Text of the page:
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Six Common Myths about Exercise

Posted by Jerry De Luca on Monday, March 26, 2012

Myth:  If your workout is not resulting in weight loss, you’re wasting your time.

Fact: Most weight loss is due to reducing calorie and fat intake. Rigorous exercise benefits are endless – clearer thinking, lower risk of stroke, heart disease, various cancers, diabetes, etc.    

Myth: Only lift weights if you want to muscle-up.

Fact: Lift weights anyway. It’s indispensable in preventing muscle and bone loss. “Strengthening your muscles also decreases your body fat percentage and increases the rate at which your body burns calories, which can help with weight management.”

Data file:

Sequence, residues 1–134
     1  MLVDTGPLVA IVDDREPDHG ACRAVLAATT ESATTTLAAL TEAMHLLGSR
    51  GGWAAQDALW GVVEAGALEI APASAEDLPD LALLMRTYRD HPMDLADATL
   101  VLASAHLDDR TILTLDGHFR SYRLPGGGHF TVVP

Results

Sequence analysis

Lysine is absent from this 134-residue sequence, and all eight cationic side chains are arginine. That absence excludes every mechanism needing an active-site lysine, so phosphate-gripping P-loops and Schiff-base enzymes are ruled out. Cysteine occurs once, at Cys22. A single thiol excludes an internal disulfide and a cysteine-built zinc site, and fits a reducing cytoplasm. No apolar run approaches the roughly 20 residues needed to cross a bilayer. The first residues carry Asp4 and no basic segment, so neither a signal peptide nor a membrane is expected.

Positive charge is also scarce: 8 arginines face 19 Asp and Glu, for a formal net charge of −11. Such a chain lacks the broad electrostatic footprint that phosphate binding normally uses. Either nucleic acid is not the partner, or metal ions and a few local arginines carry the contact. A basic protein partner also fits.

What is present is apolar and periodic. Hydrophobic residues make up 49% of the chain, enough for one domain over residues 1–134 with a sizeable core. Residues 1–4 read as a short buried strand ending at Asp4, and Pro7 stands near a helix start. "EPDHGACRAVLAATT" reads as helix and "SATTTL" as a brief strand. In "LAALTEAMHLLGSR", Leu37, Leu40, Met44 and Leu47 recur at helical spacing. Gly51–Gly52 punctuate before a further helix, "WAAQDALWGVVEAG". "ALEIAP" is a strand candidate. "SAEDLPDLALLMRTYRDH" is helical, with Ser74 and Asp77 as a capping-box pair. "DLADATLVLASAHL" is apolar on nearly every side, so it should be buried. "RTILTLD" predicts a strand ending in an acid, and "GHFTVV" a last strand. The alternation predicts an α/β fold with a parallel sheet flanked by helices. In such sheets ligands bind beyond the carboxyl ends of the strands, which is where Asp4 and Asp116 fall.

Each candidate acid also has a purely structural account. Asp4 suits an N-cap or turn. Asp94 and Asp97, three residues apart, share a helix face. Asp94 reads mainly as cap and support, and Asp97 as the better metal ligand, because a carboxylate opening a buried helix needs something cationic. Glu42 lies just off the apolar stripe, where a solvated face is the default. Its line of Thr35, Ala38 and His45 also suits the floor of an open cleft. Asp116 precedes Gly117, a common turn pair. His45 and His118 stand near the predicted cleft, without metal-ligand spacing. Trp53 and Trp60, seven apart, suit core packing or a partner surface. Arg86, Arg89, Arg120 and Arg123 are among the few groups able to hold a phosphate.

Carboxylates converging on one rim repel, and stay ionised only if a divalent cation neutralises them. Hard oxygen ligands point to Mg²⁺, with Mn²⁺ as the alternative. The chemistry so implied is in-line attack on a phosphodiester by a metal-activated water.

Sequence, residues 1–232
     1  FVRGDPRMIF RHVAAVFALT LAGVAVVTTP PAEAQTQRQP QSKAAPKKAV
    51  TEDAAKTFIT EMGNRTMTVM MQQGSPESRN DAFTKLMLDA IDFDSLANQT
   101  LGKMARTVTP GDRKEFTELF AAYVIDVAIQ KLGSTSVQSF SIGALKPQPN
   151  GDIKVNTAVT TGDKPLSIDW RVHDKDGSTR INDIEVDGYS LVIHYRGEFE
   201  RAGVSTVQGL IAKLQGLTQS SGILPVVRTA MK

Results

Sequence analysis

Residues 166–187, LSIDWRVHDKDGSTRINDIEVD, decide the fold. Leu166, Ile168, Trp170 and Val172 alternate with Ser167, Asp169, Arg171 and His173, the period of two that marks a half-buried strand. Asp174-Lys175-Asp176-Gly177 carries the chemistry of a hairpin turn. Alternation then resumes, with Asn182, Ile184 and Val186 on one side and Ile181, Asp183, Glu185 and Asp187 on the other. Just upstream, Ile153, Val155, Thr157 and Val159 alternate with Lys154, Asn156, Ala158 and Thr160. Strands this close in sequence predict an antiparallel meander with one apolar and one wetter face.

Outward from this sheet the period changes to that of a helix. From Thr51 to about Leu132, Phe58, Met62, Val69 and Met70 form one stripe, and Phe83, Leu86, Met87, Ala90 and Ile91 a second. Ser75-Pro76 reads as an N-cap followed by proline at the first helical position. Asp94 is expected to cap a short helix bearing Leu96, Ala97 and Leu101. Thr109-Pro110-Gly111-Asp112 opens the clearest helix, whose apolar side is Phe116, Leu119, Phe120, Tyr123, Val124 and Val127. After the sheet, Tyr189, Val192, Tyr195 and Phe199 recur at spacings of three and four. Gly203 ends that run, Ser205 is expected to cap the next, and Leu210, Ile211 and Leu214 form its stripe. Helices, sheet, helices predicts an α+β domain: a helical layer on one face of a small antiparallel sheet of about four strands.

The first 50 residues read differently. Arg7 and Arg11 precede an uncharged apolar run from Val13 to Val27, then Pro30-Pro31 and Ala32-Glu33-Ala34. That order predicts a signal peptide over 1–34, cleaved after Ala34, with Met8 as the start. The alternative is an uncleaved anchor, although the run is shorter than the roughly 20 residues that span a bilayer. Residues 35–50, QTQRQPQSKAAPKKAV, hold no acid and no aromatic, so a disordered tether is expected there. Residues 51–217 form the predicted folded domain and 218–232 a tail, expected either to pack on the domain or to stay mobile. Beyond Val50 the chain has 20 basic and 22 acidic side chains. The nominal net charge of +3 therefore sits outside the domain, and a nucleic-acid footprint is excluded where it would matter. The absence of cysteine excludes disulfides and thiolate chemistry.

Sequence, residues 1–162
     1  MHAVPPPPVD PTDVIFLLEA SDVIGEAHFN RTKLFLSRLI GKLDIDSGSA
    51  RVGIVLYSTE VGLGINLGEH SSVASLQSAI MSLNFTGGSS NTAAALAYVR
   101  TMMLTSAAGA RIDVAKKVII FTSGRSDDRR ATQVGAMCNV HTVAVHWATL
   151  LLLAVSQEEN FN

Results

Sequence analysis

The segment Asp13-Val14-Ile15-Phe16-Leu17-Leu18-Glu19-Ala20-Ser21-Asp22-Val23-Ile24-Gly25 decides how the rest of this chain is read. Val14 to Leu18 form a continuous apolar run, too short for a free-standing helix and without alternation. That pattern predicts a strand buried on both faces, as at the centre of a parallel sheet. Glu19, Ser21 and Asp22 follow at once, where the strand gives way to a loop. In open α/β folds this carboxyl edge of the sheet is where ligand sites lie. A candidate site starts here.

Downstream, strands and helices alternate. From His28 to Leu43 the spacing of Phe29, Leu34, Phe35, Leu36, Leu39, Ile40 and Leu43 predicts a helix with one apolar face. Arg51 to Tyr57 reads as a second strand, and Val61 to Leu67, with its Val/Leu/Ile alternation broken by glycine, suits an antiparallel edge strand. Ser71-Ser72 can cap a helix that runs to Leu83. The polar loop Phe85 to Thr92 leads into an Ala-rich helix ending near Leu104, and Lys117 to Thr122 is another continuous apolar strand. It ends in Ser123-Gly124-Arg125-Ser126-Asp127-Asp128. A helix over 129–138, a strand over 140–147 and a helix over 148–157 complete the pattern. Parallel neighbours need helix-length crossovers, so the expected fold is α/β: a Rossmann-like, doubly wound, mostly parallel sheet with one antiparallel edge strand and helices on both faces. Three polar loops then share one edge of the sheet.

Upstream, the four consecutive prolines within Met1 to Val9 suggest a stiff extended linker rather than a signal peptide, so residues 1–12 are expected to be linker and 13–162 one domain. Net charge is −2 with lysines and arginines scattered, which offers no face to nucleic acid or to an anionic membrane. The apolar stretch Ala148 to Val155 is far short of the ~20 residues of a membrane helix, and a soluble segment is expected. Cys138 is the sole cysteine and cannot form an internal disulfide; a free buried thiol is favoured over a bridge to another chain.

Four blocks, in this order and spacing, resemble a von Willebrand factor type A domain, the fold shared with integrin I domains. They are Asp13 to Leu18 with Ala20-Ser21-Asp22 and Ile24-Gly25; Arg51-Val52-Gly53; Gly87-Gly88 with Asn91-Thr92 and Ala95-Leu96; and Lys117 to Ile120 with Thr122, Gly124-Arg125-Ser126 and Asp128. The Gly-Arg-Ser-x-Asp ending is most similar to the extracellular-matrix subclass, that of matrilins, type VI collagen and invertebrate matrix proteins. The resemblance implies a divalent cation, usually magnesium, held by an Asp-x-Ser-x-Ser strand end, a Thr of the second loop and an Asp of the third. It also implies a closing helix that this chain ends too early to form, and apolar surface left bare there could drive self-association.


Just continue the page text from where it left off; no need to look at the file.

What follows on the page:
Myth: If you exercise regularly, you can be a couch potato all day long.
Fact: Being a couch potato for long periods is detrimental even for people committed to regular daily exercise. Research has found that this bad habit elevates the risk of various diseases like type 2 diabetes and heart disease.

Myth: You must stretch before every work-out.   
Fact: Stretching cold muscles has almost no value, and may cause injury. Muscles benefit from stretching when warm, after a work-out.

Myth: You can burn fat by exercising specific areas of your body. 

Fact: Spot reduction is a common myth. Exercise burns fat in all your body, including the targeted area.

Myth: If you exercise before going to bed you will get a good night’s sleep.  
Fact: The National Sleep Foundation recommends not exercising 3 hours before bedtime. Increasing your body temperature will inhibit a good night’s sleep.

Consumer Health Reports, March 2012

Photo: DriveEntertainment (flickr)  

Jerry De Luca is a Christian freelance writer who loves perusing dozens of interesting and informative publications. When he finds any useful info he summarizes it, taking the main points, and creates a (hopefully) helpful blog post.